I was out when I heard, in a cinema full of yelling children, and hardly able to absorb the news. But later, when I returned home, wherever I looked, I seemed to see Alli. Here in the kitchen was the set of glasses she gave me as a house-warming gift when I first moved to London. Here on the bookshelf, the beautiful vintage editions of “Orlando the Marmalade Cat” books she pressed on me for my four-year-old son, the very last time I saw her. And there were other, more ephemeral gifts – the book title she came up with. The scurrilous and funny stories she told me about her cancer treatment that informed much of the plot of another novel.
But of all the gifts that Alli gave me over a friendship that spanned two countries and twenty years,
two really stand out. Here are the stories behind them.
We met for coffee in London one day, maybe ten years ago. I was broke, doing menial work to get by, struggling to find a job in my field, my confidence hopelessly battered, my energy waning. Against my will, Alli persuaded me into Liberty the department store, and we wandered around breathing expensive perfume and looking at dresses that cost more than I would earn in the next six months. We found ourselves in the accessory department looking at a glass case full of gloves. “Look at those,” I said, pointing to a pair of gold and fawn gloves. “They’re so classy… not leopard print. What would you say? Maybe jaguar print?” We admired the gloves and moved on, but Alli nipped back without my seeing, and later handed me the beautiful Liberty box, with the gloves wrapped in fine tissue paper. There was no card, no fuss, just the unspoken understanding that sometimes, when you’re on the bones of your arse and your pride is dented and your purse empty, there’s nothing in the world you need more than a pair of jaguar-print gloves from Liberty. They won’t pay the gas bill, but my word they’ll help you hold your head up high.
The story of the second gift goes back many more years, to 1995, when we were newly friends. My marriage had suddenly and nastily imploded, and after some ugly wrangling, my then-husband had moved out and I was alone with my two-year-old son. I was just barely keeping it together. It’s never the big things that break you though, is it? It’s the tiny things. And for me, it was a trip to the supermarket. We had nothing in the house, so I took little Matt and went shopping. Somewhere in the fruit and veg aisle, it struck me that I was shopping for two, not three, and that I had no idea how to do that. This realisation brought on the first panic attack of my life. I abandoned the trolley and somehow got Matt and I back home. Of all my friends, I don’t know why it was Alli I rang, but it was. Sobbing, I explained what had happened, and that we were now at home, with nothing to eat. She asked no questions. She simply put down the phone, and arrived an hour later with bags full of groceries. She cooked for us, stocked my fridge, helped me put Matt to bed and let me cry myself to sleep. She slept the night on our sofa, letting herself out quietly the next morning. I think that may be one of the kindest things anyone ever did for me, and I will never forget it.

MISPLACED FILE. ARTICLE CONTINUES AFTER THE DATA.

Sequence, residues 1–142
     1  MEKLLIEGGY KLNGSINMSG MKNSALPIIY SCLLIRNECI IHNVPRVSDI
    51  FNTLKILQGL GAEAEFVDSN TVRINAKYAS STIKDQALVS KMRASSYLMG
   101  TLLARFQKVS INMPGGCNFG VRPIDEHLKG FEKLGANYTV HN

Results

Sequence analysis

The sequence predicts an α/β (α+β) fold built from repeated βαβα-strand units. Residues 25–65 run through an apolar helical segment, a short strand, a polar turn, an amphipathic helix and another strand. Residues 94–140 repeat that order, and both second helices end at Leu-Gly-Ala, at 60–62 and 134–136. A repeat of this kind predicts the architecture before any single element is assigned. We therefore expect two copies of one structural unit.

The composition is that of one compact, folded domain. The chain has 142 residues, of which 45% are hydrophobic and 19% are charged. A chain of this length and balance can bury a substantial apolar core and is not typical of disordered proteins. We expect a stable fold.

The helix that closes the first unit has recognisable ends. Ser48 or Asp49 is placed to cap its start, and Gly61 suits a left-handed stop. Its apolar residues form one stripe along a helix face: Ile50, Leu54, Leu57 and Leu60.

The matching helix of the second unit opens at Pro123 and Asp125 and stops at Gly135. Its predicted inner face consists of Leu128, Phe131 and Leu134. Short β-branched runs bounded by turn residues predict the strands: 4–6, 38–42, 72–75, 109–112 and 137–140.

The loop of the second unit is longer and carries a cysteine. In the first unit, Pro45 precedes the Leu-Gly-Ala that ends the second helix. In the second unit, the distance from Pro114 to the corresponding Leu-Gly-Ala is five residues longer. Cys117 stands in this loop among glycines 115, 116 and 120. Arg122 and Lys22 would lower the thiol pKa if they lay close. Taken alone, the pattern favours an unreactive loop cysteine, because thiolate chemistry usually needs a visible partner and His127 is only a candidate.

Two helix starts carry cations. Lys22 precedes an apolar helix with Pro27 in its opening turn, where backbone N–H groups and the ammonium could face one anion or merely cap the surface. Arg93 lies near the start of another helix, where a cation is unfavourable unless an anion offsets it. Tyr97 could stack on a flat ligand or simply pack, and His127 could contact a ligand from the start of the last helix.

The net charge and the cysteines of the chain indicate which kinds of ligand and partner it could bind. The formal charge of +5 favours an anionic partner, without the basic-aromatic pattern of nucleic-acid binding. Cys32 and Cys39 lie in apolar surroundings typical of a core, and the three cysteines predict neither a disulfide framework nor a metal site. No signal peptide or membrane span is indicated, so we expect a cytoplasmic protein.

I cannot begin to repay the value of those two gifts, nor all the others, nor the unaccountable joy of Alli’s company over the years, nor the humbling lessons she taught us all as she battled cancer. She was the personification of wit and dignity and grace, balanced with a kind of earthy honesty that gave all around her courage. I remember when she came to visit me shortly after my second child was born. The contrast between our lives was marked, and I was worried how that would alter our interaction. I had a new husband and a new baby, she had had a mastectomy and was facing many more years of painful and invasive treatment. I had no idea what to say or do. She plonked herself down on my sofa, grinned wickedly and said, “Do you want to feel my tit?” then reached into her bra and hoiked out her prosthesis which she dropped into my hand. “Heavy, isn't it?” It’s hard to feel awkward in the face of that.
She gave an enormous amount and expected very little in return, and now she is gone, I cannot repay her for the abundant gifts she heaped on me. However before she died, I told her that I would be running the Brighton Half Marathon in February, and that I would be running to raise money for Macmillan Cancer Support.
“They've done a lot for me,” she said.
“I know," I said, “That’s why I chose them.”
“Well, hurry up and get a page set up so I can donate something,” she said.
This page was set up too late for Alli to donate, and in all honesty, I didn't want her to. She gave more than enough. But I am asking you to support this wonderful charity, which gives help both practical and compassionate to those who need it most. Much as my beautiful friend did.
One monkey, one typewriter, seldom Hamlet.